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  • ThePresident
    replied
    Thanks, I'll try that instead!

    Leave a comment:


  • chadn737
    replied
    Originally posted by ThePresident View Post
    I used bowtie (not bowtie2) with following command line:

    Code:
    bowtie -q -a --best –m50 –p6 -t index 6_Index-1.WT_1_R1.fastq -S AlignWT1
    So, I used -a for bowtie to report all alignments and --best to give only best hits.

    Now, how you would filter for quality scores with bowtie?
    By default, bowtie should assign a mapping quality of 255 to reads that map once. You can filter using samtools view:

    Code:
    samtools view -hb -q 255 input.bam > output.bam
    Your output should have only uniquely aligned reads.

    Leave a comment:


  • ThePresident
    replied
    I used bowtie (not bowtie2) with following command line:

    Code:
    bowtie -q -a --best –m50 –p6 -t index 6_Index-1.WT_1_R1.fastq -S AlignWT1
    So, I used -a for bowtie to report all alignments and --best to give only best hits.

    Now, how you would filter for quality scores with bowtie?

    Leave a comment:


  • chadn737
    replied
    Originally posted by ThePresident View Post
    Well, I'm dealing with bacterial RNA-seq data, so a spliced aligner such as Tophat was irrelevant in this case. However, I didn't realize that bowtie is messing up with multimapped reads

    I think that overall my alignment was not so bad, 'cause many genes identified as transcriptionally altered in my RNA-seq were confirmed by qPCR. However, I might try tophat as well.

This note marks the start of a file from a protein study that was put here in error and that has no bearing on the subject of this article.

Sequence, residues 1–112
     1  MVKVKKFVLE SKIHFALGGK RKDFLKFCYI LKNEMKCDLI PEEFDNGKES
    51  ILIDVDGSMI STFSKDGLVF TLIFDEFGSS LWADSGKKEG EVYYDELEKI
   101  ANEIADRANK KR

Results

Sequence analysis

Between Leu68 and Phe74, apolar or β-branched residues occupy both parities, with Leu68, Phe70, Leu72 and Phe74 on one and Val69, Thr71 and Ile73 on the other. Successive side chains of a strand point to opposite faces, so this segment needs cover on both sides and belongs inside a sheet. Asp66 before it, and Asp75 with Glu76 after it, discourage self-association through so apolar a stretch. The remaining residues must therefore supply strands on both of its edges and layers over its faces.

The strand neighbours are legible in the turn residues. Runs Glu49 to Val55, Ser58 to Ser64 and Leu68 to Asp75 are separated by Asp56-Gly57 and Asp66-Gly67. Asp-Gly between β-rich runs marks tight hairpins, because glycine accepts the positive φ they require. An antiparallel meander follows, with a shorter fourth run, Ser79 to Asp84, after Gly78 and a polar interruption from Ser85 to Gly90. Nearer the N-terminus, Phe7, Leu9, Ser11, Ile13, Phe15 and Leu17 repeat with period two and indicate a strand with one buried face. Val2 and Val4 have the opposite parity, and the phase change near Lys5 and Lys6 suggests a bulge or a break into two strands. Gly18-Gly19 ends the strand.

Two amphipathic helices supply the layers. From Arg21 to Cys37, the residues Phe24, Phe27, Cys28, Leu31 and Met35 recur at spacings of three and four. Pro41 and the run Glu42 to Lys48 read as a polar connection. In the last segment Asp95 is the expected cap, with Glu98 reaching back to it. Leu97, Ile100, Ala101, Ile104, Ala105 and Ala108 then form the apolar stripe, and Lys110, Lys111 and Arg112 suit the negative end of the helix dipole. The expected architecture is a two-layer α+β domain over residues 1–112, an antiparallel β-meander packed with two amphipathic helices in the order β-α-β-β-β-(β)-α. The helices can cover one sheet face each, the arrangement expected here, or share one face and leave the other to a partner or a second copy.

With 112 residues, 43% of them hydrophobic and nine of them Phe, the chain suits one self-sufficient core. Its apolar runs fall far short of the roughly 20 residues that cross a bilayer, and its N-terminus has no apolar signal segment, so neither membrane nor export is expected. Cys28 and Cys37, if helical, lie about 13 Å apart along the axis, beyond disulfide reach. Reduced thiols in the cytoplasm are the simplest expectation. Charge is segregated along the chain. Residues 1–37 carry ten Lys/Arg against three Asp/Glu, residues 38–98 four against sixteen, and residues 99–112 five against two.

About rRNA, it's just that I want to present some data in a paper I'm working on, and would like to give the number of reads that aligned on rRNA in my libraries. That way, it would give the audience some idea about abundance of "real" transcripts in my libraries.
    There seems no reason to use tophat then.

    What version of bowtie did you use and how did you use it. If you want to present data on rRNA, you can align specifically to these, however, to quickly identify uniquely mapped reads, you can filter based on quality score depending on what version of bowtie you used and how you ran it.

    Leave a comment:


  • ThePresident
    replied
    Well, I'm dealing with bacterial RNA-seq data, so a spliced aligner such as Tophat was irrelevant in this case. However, I didn't realize that bowtie is messing up with multimapped reads

    I think that overall my alignment was not so bad, 'cause many genes identified as transcriptionally altered in my RNA-seq were confirmed by qPCR. However, I might try tophat as well.

    About rRNA, it's just that I want to present some data in a paper I'm working on, and would like to give the number of reads that aligned on rRNA in my libraries. That way, it would give the audience some idea about abundance of "real" transcripts in my libraries.

    Leave a comment:


  • chadn737
    replied
    Originally posted by ThePresident View Post
    I used bowtie for mapping. After that, I used Htseq-count to get number of reads/gene. If I sum all the reads for one replicate from Htseq table I get like double of what I'm supposed to have. I guess it's because of all multimapped reads. I will try to align my libraries only to rRNA, that should give me number of reads mapping there.

    TP
    Bowtie does not output a NH:i field in the SAM file and so htseq-count will not be able to identify multimapping reads.